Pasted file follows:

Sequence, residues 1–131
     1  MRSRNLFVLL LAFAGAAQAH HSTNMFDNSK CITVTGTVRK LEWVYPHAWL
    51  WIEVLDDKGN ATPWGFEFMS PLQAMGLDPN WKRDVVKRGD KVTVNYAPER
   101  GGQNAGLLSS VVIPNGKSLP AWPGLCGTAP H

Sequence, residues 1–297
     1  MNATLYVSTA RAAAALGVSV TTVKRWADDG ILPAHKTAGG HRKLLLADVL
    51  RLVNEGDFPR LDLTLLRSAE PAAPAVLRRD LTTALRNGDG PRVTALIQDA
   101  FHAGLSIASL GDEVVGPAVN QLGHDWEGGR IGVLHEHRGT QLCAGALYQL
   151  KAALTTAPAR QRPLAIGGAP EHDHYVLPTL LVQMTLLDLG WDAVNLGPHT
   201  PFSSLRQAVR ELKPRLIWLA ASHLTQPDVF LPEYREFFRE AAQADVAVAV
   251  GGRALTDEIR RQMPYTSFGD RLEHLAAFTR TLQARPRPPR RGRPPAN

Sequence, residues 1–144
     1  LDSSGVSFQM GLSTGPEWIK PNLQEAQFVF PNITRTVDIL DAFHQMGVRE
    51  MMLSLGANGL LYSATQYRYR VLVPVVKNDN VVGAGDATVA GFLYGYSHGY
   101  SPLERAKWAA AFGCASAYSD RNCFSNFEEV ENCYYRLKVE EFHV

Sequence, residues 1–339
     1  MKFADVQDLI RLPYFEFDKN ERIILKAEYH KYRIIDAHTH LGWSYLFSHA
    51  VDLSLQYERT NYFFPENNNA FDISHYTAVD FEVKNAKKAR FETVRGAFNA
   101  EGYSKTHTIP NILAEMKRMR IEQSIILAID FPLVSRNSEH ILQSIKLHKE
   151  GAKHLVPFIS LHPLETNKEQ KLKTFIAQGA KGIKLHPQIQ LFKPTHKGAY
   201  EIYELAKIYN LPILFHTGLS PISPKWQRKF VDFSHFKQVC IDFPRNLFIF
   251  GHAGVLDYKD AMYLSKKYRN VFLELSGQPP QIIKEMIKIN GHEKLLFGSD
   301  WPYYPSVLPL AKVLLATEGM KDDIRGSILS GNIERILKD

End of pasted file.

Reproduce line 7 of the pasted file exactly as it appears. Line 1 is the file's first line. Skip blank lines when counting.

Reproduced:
    51  RLVNEGDFPR LDLTLLRSAE PAAPAVLRRD LTTALRNGDG PRVTALIQDA